Smartphone shipment in China shrunk 22 per cent in the first 10 months of 2022, as the market has been hit by cooling consumer demand and supply chain disruption.
Suppliers shipped 214.5 million smartphones within China from January to October this year, down from 275.3 million units in the same period last year, data from the China Academy of Information and Communications Technology showed.
In October, the latest data showed that the shipment volume in October decreased 27.2 per cent year on year to 23.8 million units. However, in term of month-on-month growth, the figure is up 20% from 19.8 million units in September.
The global smartphone market as a whole is experiencing a slowdown, logging a 9.7% decline in the third quarter due to a mix of challenges including a COVID-struck economy, inflation and deceleration following years of frantic growth
China cannot get away with the broad trend that lack of demand, rising costs, and inflation impacted consumers with lesser disposable incomes.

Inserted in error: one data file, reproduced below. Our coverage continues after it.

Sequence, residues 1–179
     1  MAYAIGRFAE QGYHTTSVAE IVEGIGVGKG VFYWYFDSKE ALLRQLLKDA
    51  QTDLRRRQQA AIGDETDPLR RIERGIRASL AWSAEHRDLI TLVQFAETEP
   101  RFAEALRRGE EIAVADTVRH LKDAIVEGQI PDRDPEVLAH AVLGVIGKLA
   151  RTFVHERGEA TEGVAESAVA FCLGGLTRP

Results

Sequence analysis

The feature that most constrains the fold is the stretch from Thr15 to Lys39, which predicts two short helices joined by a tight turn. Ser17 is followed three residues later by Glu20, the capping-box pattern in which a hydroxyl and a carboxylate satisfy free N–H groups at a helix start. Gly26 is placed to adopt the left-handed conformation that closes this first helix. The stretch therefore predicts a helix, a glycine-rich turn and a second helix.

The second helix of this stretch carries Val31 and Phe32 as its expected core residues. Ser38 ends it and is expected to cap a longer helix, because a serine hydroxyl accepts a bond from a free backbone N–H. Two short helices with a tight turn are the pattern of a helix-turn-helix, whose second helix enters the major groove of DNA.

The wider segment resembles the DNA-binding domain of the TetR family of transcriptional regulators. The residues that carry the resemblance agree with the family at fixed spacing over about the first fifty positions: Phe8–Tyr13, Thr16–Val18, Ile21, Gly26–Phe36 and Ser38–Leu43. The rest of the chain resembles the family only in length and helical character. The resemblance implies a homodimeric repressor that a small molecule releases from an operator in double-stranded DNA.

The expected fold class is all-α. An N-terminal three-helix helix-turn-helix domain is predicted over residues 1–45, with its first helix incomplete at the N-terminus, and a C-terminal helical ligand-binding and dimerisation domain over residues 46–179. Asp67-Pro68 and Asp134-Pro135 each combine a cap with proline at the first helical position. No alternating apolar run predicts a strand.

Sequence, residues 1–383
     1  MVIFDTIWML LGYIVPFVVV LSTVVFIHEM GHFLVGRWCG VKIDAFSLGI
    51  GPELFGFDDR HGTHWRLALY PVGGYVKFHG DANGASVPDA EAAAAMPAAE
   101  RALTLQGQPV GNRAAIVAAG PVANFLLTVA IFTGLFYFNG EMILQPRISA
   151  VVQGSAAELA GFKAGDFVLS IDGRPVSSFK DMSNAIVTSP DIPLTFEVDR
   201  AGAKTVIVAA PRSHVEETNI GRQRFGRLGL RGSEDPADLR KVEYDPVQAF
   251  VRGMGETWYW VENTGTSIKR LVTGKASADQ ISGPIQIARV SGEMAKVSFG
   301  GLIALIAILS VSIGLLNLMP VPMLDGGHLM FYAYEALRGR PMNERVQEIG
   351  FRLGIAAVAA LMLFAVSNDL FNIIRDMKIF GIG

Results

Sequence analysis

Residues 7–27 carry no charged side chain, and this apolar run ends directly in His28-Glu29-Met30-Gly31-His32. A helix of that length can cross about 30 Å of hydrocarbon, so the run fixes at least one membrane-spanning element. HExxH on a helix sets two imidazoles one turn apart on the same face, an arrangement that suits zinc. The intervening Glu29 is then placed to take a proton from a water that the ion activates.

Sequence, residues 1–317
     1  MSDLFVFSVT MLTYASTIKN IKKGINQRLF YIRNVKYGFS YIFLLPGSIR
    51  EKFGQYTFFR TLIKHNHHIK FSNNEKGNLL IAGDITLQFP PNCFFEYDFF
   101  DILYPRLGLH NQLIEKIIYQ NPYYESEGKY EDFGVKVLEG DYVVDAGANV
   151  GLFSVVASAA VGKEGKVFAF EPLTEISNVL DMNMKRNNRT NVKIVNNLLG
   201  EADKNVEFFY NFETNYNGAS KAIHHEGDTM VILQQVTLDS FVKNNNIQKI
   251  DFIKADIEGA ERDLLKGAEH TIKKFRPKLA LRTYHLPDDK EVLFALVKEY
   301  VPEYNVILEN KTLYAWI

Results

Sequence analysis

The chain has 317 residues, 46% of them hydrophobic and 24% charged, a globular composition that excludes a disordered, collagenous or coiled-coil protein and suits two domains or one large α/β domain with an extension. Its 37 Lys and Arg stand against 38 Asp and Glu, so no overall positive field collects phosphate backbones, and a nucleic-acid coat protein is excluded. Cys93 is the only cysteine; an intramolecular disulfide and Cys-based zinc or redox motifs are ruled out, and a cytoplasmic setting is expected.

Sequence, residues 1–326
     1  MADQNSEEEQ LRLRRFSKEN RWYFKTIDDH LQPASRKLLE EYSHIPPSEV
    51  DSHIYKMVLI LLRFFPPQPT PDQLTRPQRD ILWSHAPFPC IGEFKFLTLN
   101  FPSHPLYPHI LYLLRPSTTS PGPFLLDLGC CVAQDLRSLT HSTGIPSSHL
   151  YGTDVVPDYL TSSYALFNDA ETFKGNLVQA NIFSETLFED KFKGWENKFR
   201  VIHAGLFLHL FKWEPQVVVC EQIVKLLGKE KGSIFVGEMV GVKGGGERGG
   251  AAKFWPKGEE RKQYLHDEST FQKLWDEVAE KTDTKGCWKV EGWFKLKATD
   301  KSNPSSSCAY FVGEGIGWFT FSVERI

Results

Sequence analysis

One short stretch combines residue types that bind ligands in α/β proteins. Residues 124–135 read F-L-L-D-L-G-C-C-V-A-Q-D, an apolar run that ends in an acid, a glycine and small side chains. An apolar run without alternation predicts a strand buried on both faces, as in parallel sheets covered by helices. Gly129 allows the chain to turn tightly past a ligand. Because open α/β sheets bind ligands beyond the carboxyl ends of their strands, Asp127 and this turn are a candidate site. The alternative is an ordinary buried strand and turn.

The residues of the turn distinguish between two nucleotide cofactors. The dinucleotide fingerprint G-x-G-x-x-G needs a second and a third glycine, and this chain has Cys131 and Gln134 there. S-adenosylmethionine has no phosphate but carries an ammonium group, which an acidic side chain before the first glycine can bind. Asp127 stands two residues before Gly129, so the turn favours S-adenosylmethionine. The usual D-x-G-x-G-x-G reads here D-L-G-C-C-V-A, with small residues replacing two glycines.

Technology and consulting services firm International Data Corporation (IDC) predicts the decline in Chinese smartphone shipments will narrow in 2023, but “the gloomy circumstances and clouded outlook of the COVID policy in China are adding more uncertainties to the next year’s market outlook,” said Will Wong, Senior Research Manager for Client Devices at IDC Asia Pacific.
Slowing consumer demand has prompted major smartphone vendors such as Xiaomi Corp to start a new round of layoffs involving nearly 10 per cent of its workforce, after cutting more than 900 jobs earlier this year.
Xiaomi in November reported a 9.7% fall in third-quarter revenue, hit by China's COVID-19 restrictions and softening consumer demand. Revenue from smartphones, which generate roughly 60% of its total sales, fell 11% year-on-year.